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Road to Morocco (1942)

Bob Hope , Bing Crosby , David Butler  |  PG-13 |  DVD
4.4 out of 5 stars  See all reviews (47 customer reviews)

List Price: $14.98
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Road to Morocco + Road to Zanzibar + Road to Utopia
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Product Details

  • Actors: Bob Hope, Bing Crosby, Dorothy Lamour, Anthony Quinn
  • Directors: David Butler
  • Writers: Frank Butler, Don Hartman
  • Producers: Paul Jones
  • Format: Multiple Formats, Black & White, Closed-captioned, NTSC
  • Language: English (Dolby Digital 2.0 Mono)
  • Subtitles: French, Spanish
  • Subtitles for the Hearing Impaired: English
  • Region: Region 1 (U.S. and Canada only. Read more about DVD formats.)
  • Aspect Ratio: 1.33:1
  • Number of discs: 1
  • Rated: PG-13 (Parental Guidance Suggested)
  • Studio: Paramount Pictures
  • DVD Release Date: March 5, 2002
  • Run Time: 83 minutes
  • Average Customer Review: 4.4 out of 5 stars  See all reviews (47 customer reviews)
  • ASIN: B00005UMF7
  • Amazon Best Sellers Rank: #56,091 in Movies & TV (See Top 100 in Movies & TV)
  • Learn more about "Road to Morocco" on IMDb

Special Features

  • Bob Hope and the Road to Success
  • Command Performance 1945
  • "The Road to Morocco" Sing-Along
  • Photograph Gallery
  • Theatrical Trailer
  • Production Notes
  • Cast and Filmmakers
  • DVD-ROM Features
  • Recommendations

  • Editorial Reviews

    Like Webster's dictionary, Bob Hope, Bing Crosby and Dorothy Lamour are "Morocco-bound" in the third rollicking entry in their popular series of Road comedies. Survivors of a Mediterranean shipwreck, stowaways Jeff (Crosby) and Orville (Hope) paddle to a North African shore and hitch a camel ride across the desert to Morocco. In order to buy food, Jeff sells Orville into slavery - but Orville's owner turns out to be the luscious Princess Shalmar (Lamour), who quickly offers to become his wife. Unfortunately, the true reason for the Princess' proposal soon becomes clear. Her prophet has warned that her first husband will meet a violent death within days of their marriage! An Oscar nominee for Best Original Screenplay, Road to Morocco is highlighted by Bing's rendition of one of his best-loved songs, the unforgettable "Moonlight Becomes You."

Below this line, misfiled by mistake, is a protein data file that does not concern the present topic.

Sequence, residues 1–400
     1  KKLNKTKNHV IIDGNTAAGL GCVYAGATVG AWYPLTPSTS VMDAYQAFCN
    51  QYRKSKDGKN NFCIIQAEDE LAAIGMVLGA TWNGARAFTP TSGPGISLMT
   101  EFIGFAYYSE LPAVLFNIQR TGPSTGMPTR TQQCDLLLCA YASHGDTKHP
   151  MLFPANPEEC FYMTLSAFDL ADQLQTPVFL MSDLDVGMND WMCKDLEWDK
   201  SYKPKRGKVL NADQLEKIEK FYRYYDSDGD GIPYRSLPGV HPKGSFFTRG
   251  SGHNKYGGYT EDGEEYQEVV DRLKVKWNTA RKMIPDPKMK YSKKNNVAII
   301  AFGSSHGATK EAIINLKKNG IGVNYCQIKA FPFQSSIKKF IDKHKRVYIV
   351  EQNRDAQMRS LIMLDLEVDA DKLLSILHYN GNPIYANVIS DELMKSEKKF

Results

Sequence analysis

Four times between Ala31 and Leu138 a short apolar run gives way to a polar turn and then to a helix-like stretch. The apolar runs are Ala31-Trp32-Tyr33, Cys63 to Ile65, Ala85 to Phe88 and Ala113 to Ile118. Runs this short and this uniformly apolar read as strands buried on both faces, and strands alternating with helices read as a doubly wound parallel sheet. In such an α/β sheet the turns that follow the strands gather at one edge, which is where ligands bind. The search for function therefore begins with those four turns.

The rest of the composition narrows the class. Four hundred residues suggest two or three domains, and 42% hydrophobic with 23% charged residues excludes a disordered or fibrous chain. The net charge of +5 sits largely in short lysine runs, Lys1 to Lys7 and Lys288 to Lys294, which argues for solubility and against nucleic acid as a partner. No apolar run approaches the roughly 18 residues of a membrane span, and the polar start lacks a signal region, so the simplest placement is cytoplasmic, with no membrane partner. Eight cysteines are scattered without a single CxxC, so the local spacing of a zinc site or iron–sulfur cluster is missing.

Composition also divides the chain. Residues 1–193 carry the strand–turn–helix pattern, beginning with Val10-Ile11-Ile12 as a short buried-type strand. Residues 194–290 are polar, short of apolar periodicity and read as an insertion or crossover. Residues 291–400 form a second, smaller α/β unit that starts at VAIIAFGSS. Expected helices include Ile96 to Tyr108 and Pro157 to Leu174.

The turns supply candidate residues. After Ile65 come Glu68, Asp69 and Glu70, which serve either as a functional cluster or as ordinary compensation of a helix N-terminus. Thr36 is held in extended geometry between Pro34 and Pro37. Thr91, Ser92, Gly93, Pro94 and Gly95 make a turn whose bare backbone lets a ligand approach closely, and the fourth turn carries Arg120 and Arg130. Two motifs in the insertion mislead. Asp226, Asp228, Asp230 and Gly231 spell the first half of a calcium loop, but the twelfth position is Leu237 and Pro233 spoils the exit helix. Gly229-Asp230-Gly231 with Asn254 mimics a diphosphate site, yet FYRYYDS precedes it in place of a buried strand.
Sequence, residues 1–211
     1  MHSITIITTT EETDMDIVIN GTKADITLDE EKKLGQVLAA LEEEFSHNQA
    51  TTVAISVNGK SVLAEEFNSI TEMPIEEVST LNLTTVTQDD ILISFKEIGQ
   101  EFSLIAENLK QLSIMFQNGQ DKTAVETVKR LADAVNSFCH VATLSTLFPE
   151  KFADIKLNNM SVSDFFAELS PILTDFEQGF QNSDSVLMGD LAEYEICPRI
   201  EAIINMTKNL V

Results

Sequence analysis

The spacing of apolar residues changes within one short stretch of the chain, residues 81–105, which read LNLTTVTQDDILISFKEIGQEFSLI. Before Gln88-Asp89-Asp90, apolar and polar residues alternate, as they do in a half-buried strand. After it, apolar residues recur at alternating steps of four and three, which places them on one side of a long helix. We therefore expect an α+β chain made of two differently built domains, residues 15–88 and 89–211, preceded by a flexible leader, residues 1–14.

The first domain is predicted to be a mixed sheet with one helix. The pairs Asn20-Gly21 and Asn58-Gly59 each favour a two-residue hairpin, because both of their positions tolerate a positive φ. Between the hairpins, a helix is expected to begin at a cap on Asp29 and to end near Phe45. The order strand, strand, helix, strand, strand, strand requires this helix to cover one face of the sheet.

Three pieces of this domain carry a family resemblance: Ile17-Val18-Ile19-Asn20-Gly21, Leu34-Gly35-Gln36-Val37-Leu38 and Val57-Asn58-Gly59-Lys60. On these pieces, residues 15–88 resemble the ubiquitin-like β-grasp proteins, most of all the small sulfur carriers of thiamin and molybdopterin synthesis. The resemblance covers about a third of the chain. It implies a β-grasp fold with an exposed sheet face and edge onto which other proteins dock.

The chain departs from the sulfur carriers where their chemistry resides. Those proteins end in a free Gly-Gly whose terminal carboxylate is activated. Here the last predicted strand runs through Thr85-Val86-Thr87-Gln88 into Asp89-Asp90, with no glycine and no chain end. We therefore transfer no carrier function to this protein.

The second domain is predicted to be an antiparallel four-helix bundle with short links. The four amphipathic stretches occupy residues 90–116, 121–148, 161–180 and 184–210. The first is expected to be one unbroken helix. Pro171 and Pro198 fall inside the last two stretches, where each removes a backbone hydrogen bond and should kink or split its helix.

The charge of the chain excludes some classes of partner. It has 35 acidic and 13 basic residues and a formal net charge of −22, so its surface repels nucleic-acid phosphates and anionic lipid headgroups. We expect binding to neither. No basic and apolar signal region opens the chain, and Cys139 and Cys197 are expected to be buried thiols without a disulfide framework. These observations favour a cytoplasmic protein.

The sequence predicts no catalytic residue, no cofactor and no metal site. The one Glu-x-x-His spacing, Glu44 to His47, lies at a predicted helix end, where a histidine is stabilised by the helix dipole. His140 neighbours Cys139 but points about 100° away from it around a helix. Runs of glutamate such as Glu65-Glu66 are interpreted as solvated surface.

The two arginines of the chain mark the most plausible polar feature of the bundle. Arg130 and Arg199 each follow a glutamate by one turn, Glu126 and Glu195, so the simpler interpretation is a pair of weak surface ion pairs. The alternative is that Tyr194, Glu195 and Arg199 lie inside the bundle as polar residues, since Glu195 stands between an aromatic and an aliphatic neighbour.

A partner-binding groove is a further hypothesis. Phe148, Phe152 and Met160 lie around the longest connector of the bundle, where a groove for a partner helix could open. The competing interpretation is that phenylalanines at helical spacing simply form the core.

Customer Reviews

    Most Helpful Customer Reviews
    12 of 12 people found the following review helpful
    5.0 out of 5 stars THE ROAD MOST TRAVELED October 25, 2001
    Format:VHS Tape
    A top moneymaker in 1943, with an Oscar-nominated screenplay, ROAD TO MOROCCO is perhaps the most satisfying of the series in which the public loved from 1940-1962. Here, Hope and Crosby often step out of character to comment on the fictional situation and the processes of film communication. Hope and Crosby sing to the camera, and the lyrics include "I'll lay you eight to five we meet Dorothy Lamour" and "For any villians we may meet we haven't any fears - Paramount will protect us 'cause we're signed for five more years". Other illusion-breaking instances are those which refer to the earlier "Road" films. At one point, Hope and Crosby attempt the "pattycake" routine they had used in ROAD TO SINGAPORE and ROAD TO ZANZIBAR to get the best of their adversaries; but when it fails to work in this case, Crosby comments "Yessir Junior, that thing sure got around" After they escape from Kassim and are onboard a ship bound for America, Lamour remarks to Crosby, "I get the strangest feeling we've been through all this before" to which Crosby replies "I trapped you again." The film lapses into total artificiality at the end, when they are stranded on a life raft. Here, Hope goes into an overdramatic "mad" scene and when Crosby informs him that the New York skyline is in the background, Hope remarks, "You had to open your big mouth and ruin the only good scene I have in the picture". "I might have won an Academy Award". The subsequent ROAD pictures were even more blantantly artificial. Only in ROAD TO UTOPIA did Hope winover Lamour. In general, Hope's contributions to film comedy have too long been disregarded. Read more ›
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    11 of 11 people found the following review helpful
    The classic 1942 comedy "Road to Moroco", the 3rd in the "Road" series, starring Bing Crosby, Bob Hope and Dorothy Lamour. This is my favourite- great songs and zany comedy. Decades before Monty Python, the top-of-their-tree talents combined here created an outrageously original and sensationally surreal comedy! Crosby and Hope were two of the biggest box-office draws at the time, and they enjoy themselves immensely in "Morocco", with in-jokes aplenty (they even make fun of the Road series itself!) and double-and-triple crosses in abundance, as they try to get themselves out of trouble and into romance, Bing the smooth, crooning charmer and Bob the cowardly (but loveable) wanna-be. Dottie is beautiful as ever, as are the sets and the support cast includes a menacing Anthony Quinn. The Johnny Burke-Jimmy Van Huesen score includes "Road to Morocco" (Bob and Bing on a camel- "Where we're goin', why we're goin', how can we be sure? I'll lay you eight-to-five that we meet Dorothy Lamour!"); "Ho Hum" and "Moonlight Becomes You" (a classic Bing number, which he solos and reprises with Hope and Lamour). They don't make `em like this anymore!